Komick, NM, Costa, MPF, Gower, J (2009). Bio-optical algorithm evaluation for MODIS for western Canada coastal waters: An exploratory approach using in situ reflectance. REMOTE SENSING OF ENVIRONMENT, 113(4), 794-804.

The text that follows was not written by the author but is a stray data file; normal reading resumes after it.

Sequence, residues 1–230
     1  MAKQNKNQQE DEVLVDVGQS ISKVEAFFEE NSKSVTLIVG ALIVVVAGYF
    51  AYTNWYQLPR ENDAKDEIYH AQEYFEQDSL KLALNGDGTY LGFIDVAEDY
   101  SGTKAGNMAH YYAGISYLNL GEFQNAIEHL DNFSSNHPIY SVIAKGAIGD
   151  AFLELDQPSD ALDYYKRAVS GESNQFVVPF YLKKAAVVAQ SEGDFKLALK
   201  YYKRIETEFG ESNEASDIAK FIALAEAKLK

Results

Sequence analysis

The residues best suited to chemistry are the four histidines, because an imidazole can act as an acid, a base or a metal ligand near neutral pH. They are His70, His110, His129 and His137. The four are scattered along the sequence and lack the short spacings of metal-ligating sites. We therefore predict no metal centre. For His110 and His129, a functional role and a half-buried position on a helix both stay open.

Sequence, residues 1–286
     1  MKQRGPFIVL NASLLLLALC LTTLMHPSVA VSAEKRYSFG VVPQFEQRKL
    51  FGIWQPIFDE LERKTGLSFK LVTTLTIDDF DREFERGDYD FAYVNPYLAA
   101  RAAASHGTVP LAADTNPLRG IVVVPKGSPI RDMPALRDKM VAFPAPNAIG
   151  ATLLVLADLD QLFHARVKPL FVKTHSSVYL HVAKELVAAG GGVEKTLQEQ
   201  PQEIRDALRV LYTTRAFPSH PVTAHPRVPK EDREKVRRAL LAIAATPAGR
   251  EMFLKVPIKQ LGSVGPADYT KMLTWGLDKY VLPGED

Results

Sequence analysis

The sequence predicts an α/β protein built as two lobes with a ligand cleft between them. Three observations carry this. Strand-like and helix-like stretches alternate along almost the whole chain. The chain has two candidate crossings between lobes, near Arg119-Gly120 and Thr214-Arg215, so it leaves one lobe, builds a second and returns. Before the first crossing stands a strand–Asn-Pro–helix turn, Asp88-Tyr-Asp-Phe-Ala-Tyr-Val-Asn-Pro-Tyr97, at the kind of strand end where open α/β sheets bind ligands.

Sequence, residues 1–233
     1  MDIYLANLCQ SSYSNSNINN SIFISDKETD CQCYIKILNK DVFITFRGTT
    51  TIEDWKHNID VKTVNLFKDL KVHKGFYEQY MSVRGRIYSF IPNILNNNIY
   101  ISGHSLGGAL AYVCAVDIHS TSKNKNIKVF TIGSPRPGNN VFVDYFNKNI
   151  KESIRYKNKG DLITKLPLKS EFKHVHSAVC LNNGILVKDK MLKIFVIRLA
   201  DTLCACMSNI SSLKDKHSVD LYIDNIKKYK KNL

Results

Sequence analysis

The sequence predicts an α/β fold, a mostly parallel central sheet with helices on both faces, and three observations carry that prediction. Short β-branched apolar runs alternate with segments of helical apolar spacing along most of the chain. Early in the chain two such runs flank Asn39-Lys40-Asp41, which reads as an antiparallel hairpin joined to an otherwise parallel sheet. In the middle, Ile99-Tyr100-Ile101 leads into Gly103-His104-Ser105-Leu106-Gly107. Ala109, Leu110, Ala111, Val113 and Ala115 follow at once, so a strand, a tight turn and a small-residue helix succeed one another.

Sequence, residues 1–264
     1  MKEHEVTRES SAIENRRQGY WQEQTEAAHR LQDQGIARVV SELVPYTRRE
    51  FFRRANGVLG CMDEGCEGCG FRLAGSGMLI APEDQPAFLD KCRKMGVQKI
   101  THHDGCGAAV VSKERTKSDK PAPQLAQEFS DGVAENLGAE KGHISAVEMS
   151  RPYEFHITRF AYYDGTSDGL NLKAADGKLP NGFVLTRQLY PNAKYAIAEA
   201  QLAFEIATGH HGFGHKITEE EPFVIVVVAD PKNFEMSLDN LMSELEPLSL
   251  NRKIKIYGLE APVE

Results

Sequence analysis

Biophysical and above-water reflectance measurements collected in 2006 were used to evaluate the OC3M, standard GSM01, and a modified version of the GSM01 algorithms for estimating chlorophyll-a (chl) concentrations in the Strait of Georgia, located off the southwest coast of Canada. The Strait was generally a case 2 water body, transitioning from chromophoric dissolved organic matter (CDOM) dominant in the central region to possibly particulate dominant in Fraser River plume regions. Results showed that the OC3M algorithm was somewhat effective (R-2=0.550) outside the most turbid areas of the Fraser River plume. However, a systematic overestimation of lower chl concentrations was found, which may have been related to the higher CDOM absorption observed throughout the Strait. The standard GSM01 algorithm had moderately good agreement with measured CDOM absorption (R-2=0.593) and total suspended solids (TSS) concentrations (R-2=0.888), but was ineffective at estimating chl concentrations. Localized characterization of the CDOM absorption, through a hyperbolic CDOM model, improved the modified GSM01 results with slightly better agreement with measure CDOM absorption (R-2=0.614) and TSS concentrations (R-2=0.933). When the modified GSM01 algorithm was limited to regions with lower combined CDOM and non-algal particulate absorption (a(dg) (443)< 0.7 m(-1)), it was more effective then the OC3M algorithm at estimating chl concentrations. This suggests that a threshold value on the a(dg) (443) or b(bp) (443) estimated by the GSM01 algorithm may be beneficial for limiting turbidity influence on the algorithm. The further reinterpretation of phytoplankton absorption from the modified GSM01 algorithm with a two-component phytoplankton model resulted in a chl relationship with an R-2=0.677 and a linear slope closer to one. (C) 2008 Elsevier Inc. All rights reserved.